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Q.

Why do humans laugh when tickled?

Tags: relationships, environment, religion & spirituality
Asked by Iqbal Seth, 21 Sep '13 06:18 pm
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Answers (8)

 
1.

Most species respond to tickling or other light touches by withdrawing to avoid the attack on the vulnerable area. It appears that we learn to laugh at tickling as children only when we perceive the tickling as a mock attack that is actually an act of personal closeness. Interestingly, recent research by the cognitive neuroscientist Sarah-Jayne Blakemore has shown that we cant tickle ourselves, no matter how hard we try.
Answered by Ataur Rahman, 21 Sep '13 06:21 pm

 
  
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2.

The experience that it creates in our body is a funny one, is it not so?
Is it not as simple as that?
Answered by Shunmugham, 22 Sep '13 08:29 am

 
  
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3.

Nerves. We have wonderful nerves all over our bodies and in some places such as our arms they can be a bit more sensitive causing us to laugh from that tingling sensation when tickled.

Why we laugh or giggle is pure reaction though some become angry because they do not like the feeling of being tickled...they don't get the same "tickle" feeling from their sensitive nerves rather annoyed like "rubbing a cat the wrong way".
Answered by jafar, 22 Sep '13 12:39 am

 
  
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4.

The reason you squirm is because your body is trying to escape from whatever is tickling it, not knowing whether or not it's going to come to any harm. As for the laughing/giggling, you may not know this, but your nerves that feel the sensation of tickling are also your nerves that feel the sensation of pain (this next part may be a little confusing to explain, so here goes). Since soft touches don't hurt you but they still tickle, your body & nerves become confused & can't tell whether or not you are in any real danger, even if you consciously know you're only in a playful tickle-fight.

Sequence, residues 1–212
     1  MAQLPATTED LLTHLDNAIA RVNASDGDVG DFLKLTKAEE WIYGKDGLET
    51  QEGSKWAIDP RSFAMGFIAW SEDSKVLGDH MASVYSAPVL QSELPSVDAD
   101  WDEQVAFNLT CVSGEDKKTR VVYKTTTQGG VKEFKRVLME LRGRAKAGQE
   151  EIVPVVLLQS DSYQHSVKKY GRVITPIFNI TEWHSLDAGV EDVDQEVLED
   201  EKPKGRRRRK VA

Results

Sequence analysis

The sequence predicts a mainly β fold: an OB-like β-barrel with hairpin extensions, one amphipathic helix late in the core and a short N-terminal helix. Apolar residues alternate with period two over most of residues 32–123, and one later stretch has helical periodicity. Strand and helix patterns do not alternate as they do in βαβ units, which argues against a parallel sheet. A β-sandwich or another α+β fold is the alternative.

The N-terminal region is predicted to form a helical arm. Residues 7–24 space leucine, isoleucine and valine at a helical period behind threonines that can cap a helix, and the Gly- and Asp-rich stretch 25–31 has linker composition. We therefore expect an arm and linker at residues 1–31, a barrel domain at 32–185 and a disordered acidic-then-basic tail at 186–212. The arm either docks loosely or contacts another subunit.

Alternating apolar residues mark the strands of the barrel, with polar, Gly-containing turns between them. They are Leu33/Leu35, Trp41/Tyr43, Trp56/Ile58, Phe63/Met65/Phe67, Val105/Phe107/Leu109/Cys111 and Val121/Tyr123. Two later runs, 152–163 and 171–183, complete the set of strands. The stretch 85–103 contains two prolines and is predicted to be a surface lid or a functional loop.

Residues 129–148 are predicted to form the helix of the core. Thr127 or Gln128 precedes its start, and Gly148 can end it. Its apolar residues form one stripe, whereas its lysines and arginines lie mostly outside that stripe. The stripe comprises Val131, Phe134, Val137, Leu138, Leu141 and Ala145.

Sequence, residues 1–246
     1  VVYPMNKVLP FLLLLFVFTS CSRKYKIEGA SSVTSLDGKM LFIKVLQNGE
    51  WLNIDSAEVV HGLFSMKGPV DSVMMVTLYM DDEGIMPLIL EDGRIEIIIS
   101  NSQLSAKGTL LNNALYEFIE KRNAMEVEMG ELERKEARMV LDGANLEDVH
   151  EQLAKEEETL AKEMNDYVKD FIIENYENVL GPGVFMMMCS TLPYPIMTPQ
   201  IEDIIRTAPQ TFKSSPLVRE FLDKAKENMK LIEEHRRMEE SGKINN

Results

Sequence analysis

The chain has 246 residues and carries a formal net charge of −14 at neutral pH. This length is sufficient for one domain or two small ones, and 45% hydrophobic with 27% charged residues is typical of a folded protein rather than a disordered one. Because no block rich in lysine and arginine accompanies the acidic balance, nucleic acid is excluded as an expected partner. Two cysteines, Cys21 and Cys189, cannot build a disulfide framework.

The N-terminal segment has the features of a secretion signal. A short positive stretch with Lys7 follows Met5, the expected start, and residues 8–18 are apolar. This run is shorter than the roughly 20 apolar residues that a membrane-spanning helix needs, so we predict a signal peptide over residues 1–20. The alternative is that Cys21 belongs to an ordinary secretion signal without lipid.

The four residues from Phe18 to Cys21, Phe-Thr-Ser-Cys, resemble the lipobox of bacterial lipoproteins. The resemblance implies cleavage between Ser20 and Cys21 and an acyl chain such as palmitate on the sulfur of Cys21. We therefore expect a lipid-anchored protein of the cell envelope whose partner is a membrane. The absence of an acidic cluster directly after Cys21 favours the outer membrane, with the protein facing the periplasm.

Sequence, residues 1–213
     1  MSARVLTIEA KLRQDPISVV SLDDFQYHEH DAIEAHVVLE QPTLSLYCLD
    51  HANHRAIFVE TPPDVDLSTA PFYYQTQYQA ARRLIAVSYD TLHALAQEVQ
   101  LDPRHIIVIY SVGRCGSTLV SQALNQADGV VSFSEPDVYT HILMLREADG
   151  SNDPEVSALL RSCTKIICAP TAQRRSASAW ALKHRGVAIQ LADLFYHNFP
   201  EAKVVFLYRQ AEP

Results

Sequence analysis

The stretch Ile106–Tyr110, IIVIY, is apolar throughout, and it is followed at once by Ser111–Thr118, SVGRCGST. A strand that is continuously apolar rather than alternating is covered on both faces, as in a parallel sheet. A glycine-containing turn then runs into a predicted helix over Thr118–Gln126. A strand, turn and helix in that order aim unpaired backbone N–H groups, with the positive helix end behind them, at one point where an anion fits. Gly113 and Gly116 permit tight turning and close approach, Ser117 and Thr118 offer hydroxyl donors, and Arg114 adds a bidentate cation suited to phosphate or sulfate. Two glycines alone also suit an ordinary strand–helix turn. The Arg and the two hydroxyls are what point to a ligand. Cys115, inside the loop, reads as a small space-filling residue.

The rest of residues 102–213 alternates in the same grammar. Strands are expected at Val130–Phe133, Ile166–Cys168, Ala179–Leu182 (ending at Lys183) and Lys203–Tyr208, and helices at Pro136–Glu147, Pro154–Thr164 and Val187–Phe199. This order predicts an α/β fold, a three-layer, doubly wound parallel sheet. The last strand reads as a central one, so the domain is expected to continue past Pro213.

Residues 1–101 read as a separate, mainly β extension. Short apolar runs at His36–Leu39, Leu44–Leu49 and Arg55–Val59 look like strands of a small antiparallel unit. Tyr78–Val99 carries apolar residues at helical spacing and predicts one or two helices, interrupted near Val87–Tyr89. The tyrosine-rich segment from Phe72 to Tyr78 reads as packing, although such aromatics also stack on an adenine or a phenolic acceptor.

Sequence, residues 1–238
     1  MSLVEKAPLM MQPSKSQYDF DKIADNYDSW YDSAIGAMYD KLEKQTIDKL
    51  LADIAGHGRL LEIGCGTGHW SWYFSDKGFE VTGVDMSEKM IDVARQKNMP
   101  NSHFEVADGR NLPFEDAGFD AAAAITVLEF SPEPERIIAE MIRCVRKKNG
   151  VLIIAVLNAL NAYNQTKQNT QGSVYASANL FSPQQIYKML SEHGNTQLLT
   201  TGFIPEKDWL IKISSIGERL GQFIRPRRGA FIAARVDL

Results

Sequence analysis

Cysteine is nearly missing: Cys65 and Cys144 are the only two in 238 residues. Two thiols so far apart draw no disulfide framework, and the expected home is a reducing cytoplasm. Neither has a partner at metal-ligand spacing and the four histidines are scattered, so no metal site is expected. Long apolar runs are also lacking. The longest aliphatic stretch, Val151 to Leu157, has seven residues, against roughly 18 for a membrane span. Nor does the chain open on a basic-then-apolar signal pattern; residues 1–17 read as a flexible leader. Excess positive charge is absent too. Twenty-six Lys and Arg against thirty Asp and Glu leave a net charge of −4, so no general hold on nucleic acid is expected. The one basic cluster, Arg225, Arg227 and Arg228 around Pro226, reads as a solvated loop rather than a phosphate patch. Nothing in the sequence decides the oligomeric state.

Answered by vedprakash sharma, 21 Sep '13 11:54 pm

 
  
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5.

Not all
Answered by Quest, 21 Sep '13 08:53 pm

 
  
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6.

That is a sudden sensation to which mind reacts abruptly and the laughter bursts.
Answered by Om Shrivastava, 21 Sep '13 06:40 pm

 
  
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7.

Tickling[1] is the act of touching a part of the body so as to cause involuntary twitching movements and/or laughter. The word About this sound "tickle" (helpinfo) evolved from the Middle English tikelen, perhaps frequentative of ticken, to touch lightly.[1] The idiom tickled pink means to be pleased or delighted.[2]
In 1897, psychologists G. Stanley Hall and Arthur Allin described a "tickle" as two different types of phenomena.[3] One type is caused by very light movement across the skin. This type of tickle, called a knismesis, generally does not produce laughter and is sometimes accompanied by an itching sensation. The question as to why a person could not tickle him/herself was raised by the Greek philosopher, Aristotle.[4]
Francis Bacon and Charles Darwin believe that humorous laughter requires a "light" frame of mind. But they differed on ticklish laughter: Darwin thought that the same light state of mind was required, whereas Bacon said no: When tickled, noted Bacon, "men even ...more
Source: My intelligent mind!!!!!!!!!!!!!!!!!!!!!!!!!!!
Answered by preetibarna panda, 21 Sep '13 06:24 pm

 
  
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